Mixed Feelings Herald Supreme Court Ruling
A section of Ghanaians have expressed mixed feelings about the outcome of the 2012 presidential election petition, with just a day to the declaration of the verdict by the Supreme Court.
While some fear that there will be chaos, others manifest faith in God, as well as the court system to deliver its mandate to ensure that peace and justice prevail.
Yet others have declared their confidence in the government and other stakeholders to accept the final verdict, since Ghana is all that Ghanaians have and cherish.
However, players in the business sector, particularly market women and traders, have complained bitterly about the patronage of goods and services.
When the Daily Graphic visited the Makola Market in Accra yesterday, traders were busily wooing potential customers to purchase their wares.
Some shops were fully packed with customers who were patronising goods ranging from clothing, hair products, bags, shoes to second-hand clothing, among others.
The scene at the 31st December Market was not different. Customers were buying food items such as tomatoes, fish, pepper, vegetables, among others, in large quantities.
However, yam sellers at the Kokomba Market could not boast such patronage and they complained about low sales.
They explained that yam farmers had refused to supply them with the staple until after the Supreme Court verdict because of the fear that they might not get their money should anything happen after the verdict.
Hajia Ayishetu Salifu, a mattress retailer, told the Daily Graphic that the election petition had brought down sales at the market.
“People stopped buying items at the market when the petition started in the courts. They only come to ask of prices and they leave,” she added.
Furthermore, she said, the last days of the petition had brought challenges, adding that business had become slower, even though more people were found at the market centres.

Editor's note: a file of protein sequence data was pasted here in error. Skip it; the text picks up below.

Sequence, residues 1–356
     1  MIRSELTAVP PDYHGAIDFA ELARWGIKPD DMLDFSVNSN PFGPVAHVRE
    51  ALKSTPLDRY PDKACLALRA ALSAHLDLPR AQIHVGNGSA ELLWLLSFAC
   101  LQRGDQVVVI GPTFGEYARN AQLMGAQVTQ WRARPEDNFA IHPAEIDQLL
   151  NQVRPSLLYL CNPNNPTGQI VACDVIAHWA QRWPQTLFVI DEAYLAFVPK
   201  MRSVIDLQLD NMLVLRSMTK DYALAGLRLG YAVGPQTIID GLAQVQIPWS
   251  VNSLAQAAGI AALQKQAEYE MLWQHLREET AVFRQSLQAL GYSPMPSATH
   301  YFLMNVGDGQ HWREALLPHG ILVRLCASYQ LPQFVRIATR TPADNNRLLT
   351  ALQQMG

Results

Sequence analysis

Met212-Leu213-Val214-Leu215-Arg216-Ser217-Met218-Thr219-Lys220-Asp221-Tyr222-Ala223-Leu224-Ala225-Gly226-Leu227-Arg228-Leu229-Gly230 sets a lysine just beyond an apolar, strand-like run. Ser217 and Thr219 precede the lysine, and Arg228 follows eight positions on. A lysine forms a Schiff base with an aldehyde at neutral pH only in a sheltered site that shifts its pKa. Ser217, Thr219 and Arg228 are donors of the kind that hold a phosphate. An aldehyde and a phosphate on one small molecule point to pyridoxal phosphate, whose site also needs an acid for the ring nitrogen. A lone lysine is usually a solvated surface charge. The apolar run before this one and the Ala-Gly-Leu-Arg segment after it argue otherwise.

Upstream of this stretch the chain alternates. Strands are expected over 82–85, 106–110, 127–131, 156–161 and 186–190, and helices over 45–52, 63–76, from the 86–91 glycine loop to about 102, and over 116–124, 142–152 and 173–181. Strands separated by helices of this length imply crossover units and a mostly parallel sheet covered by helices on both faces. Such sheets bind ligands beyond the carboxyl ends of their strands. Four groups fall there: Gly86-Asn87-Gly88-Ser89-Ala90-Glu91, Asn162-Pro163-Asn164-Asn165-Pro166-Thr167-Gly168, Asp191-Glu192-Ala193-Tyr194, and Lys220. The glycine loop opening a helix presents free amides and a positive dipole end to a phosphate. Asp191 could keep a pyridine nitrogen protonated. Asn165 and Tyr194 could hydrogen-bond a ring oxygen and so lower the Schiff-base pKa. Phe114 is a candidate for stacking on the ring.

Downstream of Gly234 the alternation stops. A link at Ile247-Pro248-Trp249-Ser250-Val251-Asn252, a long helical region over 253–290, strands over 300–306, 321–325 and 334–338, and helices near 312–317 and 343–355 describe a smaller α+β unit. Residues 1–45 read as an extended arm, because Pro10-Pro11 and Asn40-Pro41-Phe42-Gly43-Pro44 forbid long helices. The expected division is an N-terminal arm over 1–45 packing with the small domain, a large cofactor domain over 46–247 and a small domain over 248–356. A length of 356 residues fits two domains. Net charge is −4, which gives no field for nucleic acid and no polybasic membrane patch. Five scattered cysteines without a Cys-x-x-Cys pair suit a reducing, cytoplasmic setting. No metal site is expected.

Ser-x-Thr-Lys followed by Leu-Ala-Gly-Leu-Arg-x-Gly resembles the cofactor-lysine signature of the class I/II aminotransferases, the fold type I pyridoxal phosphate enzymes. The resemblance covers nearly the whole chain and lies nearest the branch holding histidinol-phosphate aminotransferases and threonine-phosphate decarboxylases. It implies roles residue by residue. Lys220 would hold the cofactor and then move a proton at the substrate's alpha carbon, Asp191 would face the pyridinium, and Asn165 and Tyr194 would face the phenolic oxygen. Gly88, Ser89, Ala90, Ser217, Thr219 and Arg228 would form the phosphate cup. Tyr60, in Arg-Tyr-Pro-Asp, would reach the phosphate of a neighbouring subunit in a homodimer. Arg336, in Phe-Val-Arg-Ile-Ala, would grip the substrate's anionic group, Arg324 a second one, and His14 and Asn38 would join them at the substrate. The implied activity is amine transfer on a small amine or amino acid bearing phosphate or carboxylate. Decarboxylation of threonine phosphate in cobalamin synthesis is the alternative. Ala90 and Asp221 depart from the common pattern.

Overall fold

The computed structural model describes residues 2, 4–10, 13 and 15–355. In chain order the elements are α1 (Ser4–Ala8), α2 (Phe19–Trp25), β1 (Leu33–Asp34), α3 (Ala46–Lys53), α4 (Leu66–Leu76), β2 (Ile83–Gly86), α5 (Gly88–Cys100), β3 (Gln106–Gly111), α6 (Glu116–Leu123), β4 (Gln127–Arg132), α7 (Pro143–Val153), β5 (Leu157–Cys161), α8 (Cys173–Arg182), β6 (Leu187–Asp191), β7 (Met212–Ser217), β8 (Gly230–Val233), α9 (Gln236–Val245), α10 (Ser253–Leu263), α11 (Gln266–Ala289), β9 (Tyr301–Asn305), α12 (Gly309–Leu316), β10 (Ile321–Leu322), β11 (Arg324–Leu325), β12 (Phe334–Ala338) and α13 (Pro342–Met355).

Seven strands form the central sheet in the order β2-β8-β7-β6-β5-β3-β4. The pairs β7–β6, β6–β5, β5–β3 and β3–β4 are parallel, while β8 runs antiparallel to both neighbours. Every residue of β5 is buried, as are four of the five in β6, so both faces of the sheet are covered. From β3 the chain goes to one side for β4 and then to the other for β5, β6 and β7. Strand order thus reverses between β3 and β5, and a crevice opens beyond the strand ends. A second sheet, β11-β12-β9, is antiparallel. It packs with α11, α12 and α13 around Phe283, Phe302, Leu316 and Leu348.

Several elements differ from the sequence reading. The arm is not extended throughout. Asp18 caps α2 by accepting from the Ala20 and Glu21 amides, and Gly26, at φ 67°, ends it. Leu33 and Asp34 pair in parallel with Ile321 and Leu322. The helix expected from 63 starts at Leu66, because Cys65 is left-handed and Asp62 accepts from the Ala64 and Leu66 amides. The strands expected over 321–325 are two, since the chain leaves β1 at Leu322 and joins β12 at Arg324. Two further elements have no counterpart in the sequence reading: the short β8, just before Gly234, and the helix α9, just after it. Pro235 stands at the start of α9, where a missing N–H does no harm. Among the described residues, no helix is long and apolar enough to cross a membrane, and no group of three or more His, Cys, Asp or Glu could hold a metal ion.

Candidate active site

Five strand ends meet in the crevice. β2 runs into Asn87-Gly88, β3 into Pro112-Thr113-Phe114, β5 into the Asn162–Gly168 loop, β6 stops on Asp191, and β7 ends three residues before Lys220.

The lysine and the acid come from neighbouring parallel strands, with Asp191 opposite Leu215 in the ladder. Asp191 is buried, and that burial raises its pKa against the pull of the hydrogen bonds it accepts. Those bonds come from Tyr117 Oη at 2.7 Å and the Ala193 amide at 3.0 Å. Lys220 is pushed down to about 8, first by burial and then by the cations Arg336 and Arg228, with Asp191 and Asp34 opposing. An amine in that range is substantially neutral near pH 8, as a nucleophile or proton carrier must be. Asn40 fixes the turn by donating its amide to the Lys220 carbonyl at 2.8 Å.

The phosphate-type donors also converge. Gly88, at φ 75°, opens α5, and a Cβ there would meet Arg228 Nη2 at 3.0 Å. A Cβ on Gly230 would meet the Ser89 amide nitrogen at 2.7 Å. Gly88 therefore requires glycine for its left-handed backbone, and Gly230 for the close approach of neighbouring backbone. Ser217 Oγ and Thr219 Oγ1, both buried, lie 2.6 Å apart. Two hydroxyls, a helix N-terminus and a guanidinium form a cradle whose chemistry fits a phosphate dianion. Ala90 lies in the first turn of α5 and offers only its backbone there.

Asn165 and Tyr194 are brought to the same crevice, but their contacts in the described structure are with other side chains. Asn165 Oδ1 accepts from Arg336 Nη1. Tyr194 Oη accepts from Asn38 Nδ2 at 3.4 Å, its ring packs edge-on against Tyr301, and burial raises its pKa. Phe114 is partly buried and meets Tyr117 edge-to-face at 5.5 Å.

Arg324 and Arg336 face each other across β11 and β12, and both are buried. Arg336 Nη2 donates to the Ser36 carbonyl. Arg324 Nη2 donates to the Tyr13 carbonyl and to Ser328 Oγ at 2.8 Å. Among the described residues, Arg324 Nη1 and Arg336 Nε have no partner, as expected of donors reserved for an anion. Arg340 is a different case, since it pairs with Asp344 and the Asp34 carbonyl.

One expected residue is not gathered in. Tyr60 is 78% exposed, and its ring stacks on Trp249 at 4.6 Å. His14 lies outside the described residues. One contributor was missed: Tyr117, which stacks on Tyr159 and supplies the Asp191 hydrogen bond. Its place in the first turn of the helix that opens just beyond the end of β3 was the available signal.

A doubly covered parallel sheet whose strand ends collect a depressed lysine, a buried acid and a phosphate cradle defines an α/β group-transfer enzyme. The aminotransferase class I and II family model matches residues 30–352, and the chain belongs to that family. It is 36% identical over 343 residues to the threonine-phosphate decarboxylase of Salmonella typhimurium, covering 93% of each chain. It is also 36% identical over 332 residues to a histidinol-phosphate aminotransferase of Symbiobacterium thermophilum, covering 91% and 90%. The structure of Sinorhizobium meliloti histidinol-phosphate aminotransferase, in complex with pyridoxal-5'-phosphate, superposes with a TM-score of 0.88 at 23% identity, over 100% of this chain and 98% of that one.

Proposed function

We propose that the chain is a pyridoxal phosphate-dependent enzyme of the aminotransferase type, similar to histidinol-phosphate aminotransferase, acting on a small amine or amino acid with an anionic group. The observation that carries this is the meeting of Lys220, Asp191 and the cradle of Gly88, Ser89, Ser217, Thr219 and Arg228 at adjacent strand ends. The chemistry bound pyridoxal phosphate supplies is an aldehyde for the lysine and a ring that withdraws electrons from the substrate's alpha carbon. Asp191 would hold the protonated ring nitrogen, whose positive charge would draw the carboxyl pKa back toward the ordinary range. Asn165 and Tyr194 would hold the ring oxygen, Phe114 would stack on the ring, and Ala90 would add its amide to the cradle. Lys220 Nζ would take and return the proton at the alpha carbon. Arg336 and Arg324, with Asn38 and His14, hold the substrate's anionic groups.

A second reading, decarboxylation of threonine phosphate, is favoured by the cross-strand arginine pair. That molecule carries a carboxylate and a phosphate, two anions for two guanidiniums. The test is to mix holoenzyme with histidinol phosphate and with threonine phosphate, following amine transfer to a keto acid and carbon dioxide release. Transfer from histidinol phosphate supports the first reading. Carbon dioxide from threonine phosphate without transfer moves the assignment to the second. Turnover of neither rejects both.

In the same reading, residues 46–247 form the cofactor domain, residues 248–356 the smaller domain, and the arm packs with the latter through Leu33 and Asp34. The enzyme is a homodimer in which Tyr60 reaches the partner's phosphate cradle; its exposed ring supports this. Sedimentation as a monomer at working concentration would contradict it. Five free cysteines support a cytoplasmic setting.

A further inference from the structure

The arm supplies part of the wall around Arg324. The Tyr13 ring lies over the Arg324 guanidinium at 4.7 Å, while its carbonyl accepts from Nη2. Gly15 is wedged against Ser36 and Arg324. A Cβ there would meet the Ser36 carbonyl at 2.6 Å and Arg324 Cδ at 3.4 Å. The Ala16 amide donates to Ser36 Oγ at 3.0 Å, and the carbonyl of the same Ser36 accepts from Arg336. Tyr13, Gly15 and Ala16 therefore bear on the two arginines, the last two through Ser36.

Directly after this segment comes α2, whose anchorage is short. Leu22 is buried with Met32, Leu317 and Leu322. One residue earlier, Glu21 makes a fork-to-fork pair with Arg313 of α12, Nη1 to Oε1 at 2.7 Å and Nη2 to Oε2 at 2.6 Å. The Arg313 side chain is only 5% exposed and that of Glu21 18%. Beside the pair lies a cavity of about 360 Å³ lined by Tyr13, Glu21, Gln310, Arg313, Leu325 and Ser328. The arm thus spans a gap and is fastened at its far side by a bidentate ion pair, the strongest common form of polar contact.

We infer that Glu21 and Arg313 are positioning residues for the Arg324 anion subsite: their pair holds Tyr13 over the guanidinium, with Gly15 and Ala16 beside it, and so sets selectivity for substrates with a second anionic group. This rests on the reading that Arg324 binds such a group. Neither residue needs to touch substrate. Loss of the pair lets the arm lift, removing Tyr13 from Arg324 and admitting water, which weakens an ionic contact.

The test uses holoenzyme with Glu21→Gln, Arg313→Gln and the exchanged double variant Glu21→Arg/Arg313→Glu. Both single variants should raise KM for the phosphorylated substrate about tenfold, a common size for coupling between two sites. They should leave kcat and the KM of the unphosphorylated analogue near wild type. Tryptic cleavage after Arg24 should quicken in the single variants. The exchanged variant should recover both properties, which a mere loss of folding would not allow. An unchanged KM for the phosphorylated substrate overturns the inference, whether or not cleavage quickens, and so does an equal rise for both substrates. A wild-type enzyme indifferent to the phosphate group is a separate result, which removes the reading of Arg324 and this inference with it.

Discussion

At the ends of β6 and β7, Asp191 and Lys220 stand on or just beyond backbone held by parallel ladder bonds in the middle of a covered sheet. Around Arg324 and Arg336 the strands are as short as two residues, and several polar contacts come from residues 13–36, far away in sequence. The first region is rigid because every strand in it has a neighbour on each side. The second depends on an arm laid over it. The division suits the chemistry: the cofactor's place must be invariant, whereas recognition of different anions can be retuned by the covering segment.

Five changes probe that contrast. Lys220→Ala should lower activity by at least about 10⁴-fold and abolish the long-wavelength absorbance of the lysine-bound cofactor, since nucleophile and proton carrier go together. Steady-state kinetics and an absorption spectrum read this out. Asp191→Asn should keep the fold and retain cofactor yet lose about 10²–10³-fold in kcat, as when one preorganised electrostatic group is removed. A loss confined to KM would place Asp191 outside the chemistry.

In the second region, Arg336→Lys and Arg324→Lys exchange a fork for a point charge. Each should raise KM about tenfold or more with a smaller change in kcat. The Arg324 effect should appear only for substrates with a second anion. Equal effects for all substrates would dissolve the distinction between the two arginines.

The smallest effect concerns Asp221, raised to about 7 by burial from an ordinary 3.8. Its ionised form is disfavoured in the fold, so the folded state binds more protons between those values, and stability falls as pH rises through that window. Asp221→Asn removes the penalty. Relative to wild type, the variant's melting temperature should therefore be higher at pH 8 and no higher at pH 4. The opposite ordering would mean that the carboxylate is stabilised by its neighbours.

A shop assistant at a mobile phone shop, Millicent Armah, said patronage of the phones had gone down.
“Customers used to buy about 30 phones a day but now that has reduced to 20 and even less,” she said.
At the Accra-Aflao Station at Tudu, drivers told the Daily Graphic that the patronage of transport services had declined for the past one week.
Mr Emmanuel Letsa, a worker at the station, said some vehicles had not moved from the station for the past three days because of the lack of passengers.
The secretary of the Accra-Lagos-Ibadan-Cotonou Station at Tudu did not mince words when he told the Daily Graphic that transport patronage had gone down these days.
From Kumasi George Ernest Asare reports that a section of the business community in Kumasi has debunked speculations that residents of the Kumasi metropolis have resorted to panic buying of foodstuffs and other valuables in anticipation of violence after the Supreme Court ruling tomorrow.
A number of traders who spoke to the Daily Graphic during a visit to their shops yesterday rather complained that business transactions had slackened since the beginning of the month.
From the main Asafo Market through to the Central Market to the central business district of Adum where the Daily Graphic interacted with a number of traders, they dismissed public speculations that there had been panic buying.
They also said they would open their shops on Thursday for normal business, explaining that there was nothing to fear to warrant closure of their shops.
At the Asafo Market, traders who deal in vegetables and rice told the Daily Graphic that business had been normal.
“We would be very happy if there was panic buying in Kumasi. This is because business would have been very brisk and we would have sold all our products to maximise our profit margins,” a 45-year-old rice dealer who identified herself as Maame Konto said.
At the Kumasi Central Market, a 50-year-old woman, Auntie Comfort, also dismissed the panic buying assertion, explaining that business had been normal just like any other day.
“My customers have not been regular of late and I attribute that to the fact that many of them are rather keeping their money and may troop in after the Supreme Court verdict,” she explained.